Handspring releases the Treo 90 handheld computer, featuring a color screen, Palm 4.1 OS, 16MB RAM, a keyboard, and Secure Digital slot.
Novell enters the lawsuit between the SCO Group and IBM with a press release concerning the SCO Group’s ownership of the Unix operating system. “To Novell’s knowledge, the 1995 agreement governing SCO’s purchase of Unix from Novell does not convey to SCO the associated copyrights,” said a letter to the SCO Group’s CEO Darl McBride. “We believe it unlikely that SCO can demonstrate that it has any ownership interest whatsoever in those copyrights. Apparently you share this view, since over the last few months you have repeatedly asked Novell to transfer the copyrights to SCO, requests that Novell has rejected."
Founders Matt Mullenweg and Mike Little created Wordpress - a free and open source blogging tool (aka Content Management System [CMS]). Wordpress of course has grown into one of the largest used CMS programs on the web.
Jessica Quitugua Sabatia, a former accounts payable clerk for North Bay Health Care Group, pleads guilty to two counts of computer fraud. Sabatia admits to using her computer to access North Bay’s accounting software without authorization, and issuing approximately one hundred twenty-seven checks payable to herself and others. She attempted to conceal the fraud by altering the electronic check registers of North Bay to make it appear as if the checks had been payable to the company’s vendors. The fraudulent scheme resulted in losses to North Bay of at least US$875,035.
Version 2.3.4 of the Python programming language is released. Visit the official Python website.
Judge Joseph Teresi ruled that Dell computers engaged in fraud, false advertising, deceptive business, and abusive debt collection practices. Dell offered no-interest or no-payment financing options for its products while Dell Financial Services would fail to honor them. The suit was filed in May 2007.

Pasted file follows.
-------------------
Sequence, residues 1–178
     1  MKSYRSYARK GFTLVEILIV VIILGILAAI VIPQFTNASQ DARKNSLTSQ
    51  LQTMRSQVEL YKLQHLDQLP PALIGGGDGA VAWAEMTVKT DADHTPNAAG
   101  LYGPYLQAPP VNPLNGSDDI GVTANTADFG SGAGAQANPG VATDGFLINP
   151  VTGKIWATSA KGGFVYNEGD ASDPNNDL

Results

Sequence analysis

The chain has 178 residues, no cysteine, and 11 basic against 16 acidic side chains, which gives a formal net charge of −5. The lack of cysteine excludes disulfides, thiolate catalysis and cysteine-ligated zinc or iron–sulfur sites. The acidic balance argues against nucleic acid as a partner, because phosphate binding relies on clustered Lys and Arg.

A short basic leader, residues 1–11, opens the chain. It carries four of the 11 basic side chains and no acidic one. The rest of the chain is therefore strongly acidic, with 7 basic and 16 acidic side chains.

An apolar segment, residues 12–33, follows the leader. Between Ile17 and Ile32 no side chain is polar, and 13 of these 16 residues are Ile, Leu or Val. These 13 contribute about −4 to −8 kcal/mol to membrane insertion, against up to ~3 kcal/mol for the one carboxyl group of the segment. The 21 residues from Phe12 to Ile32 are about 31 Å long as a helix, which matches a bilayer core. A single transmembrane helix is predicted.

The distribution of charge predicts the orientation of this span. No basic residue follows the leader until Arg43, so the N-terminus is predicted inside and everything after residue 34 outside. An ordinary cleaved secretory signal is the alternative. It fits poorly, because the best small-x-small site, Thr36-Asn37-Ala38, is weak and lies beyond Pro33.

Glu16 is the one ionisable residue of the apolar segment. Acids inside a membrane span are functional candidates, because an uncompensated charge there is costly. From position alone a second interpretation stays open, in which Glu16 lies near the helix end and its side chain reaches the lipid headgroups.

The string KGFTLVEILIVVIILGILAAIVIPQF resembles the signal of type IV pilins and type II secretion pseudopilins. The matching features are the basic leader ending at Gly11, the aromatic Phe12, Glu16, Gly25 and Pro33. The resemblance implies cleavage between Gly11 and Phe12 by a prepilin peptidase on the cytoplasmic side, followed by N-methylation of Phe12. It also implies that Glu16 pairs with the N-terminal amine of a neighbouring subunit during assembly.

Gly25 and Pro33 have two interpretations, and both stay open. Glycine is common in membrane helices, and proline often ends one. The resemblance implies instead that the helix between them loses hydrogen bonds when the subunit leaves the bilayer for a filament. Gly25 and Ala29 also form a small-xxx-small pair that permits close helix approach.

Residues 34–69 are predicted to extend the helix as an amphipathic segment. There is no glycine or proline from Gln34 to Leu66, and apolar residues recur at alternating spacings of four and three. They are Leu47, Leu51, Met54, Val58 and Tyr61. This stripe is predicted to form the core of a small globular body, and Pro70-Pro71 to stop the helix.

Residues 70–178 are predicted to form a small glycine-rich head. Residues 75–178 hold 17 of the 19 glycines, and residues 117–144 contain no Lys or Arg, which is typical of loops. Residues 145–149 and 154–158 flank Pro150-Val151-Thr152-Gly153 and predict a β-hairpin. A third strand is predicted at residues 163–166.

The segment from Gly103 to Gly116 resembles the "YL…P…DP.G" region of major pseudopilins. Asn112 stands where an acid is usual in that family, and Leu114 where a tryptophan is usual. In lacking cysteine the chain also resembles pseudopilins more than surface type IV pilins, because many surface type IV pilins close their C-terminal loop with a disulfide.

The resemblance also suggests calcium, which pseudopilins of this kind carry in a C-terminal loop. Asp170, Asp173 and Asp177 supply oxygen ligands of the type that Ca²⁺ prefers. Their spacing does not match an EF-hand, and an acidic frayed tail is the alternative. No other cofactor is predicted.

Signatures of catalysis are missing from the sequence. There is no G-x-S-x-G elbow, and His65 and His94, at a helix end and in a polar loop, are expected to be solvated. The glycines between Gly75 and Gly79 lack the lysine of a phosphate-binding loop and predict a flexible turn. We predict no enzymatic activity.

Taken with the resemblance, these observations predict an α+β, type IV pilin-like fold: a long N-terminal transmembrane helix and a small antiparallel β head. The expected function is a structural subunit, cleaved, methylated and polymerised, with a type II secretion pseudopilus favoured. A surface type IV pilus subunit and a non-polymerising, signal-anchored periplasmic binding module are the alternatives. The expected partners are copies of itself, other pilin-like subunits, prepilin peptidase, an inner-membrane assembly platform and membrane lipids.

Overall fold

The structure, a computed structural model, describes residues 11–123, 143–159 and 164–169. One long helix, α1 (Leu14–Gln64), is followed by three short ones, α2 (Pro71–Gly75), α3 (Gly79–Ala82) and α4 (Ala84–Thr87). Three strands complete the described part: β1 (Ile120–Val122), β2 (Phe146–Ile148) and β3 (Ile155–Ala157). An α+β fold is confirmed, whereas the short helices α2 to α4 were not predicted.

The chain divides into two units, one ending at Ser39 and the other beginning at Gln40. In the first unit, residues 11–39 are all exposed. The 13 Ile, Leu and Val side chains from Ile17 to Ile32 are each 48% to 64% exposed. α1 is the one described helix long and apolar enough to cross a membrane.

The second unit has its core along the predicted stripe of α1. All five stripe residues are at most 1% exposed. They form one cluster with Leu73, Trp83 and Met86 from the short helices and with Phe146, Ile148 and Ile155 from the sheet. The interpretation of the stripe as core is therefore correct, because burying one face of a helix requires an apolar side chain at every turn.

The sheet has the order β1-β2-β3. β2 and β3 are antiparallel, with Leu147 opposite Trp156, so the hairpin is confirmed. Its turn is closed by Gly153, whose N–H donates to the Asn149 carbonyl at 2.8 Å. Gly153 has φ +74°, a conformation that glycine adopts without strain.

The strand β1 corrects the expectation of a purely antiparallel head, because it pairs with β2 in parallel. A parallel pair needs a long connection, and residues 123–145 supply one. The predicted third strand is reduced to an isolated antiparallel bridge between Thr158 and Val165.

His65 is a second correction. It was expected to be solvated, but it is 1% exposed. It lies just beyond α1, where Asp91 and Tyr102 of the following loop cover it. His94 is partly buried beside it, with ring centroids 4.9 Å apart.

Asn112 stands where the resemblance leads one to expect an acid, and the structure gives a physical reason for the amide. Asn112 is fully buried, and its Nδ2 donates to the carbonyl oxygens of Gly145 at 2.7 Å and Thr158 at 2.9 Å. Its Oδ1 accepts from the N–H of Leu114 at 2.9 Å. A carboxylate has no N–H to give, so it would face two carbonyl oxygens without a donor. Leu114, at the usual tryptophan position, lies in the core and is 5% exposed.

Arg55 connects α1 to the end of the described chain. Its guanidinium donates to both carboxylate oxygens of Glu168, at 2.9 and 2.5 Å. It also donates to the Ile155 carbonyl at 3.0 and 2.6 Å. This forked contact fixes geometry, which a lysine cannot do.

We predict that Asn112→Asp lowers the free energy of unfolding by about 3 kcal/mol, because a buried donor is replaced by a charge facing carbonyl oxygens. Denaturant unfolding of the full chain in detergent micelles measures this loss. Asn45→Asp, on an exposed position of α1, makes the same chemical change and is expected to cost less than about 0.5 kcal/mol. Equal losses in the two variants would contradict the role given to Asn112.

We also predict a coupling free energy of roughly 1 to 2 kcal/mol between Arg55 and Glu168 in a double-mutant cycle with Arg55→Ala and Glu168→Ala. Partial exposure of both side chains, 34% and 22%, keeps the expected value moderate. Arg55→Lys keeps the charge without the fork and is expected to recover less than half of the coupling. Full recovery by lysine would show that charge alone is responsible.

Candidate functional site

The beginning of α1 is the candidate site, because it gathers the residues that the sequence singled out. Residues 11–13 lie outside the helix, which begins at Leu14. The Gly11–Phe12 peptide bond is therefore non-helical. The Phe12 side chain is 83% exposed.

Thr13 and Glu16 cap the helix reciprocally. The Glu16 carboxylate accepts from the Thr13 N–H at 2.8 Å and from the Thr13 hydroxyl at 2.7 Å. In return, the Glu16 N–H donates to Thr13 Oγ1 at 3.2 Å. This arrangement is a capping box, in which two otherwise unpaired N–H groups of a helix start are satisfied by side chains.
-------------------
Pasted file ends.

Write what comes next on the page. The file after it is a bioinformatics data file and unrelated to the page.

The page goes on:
Sony announces they will use the Tru2way cable platform to integrate the set top box into a HD TV. Comcast introduced Tru2way in January at CES.
Yahoo sues the “Lottery Spammers” for using Yahoo’s name in vein. The email said they won a Yahoo lottery to try and extract information from the winner
Apple updates their low end Macbook line 13-inch 2.13 GHz Intel Core 2 Duo with 2GB DDR2 for $999. Upgrade to 4GB RAM for $100 more. Apple also announced a free iPod Touch with Mac purchase.
Google gives away 4,000 Android handsets at Google I/O as they showed off the Android 2.0 preview
FCC puts out a document on how to get broadband out to rural areas. It was an addition to the 2008 Farm Bill for the American Recovery and Reinvestment Act.
IBM sued David Johnson, who quit IBM to go work for Dell. IBM has a no compete clause in his contract. Johnson ws the head of Mergers and Acquisitions at IBM.
An Arizona man sues Google to take the trademark off the name. He believes the word "Google" is too synonymous with search itself.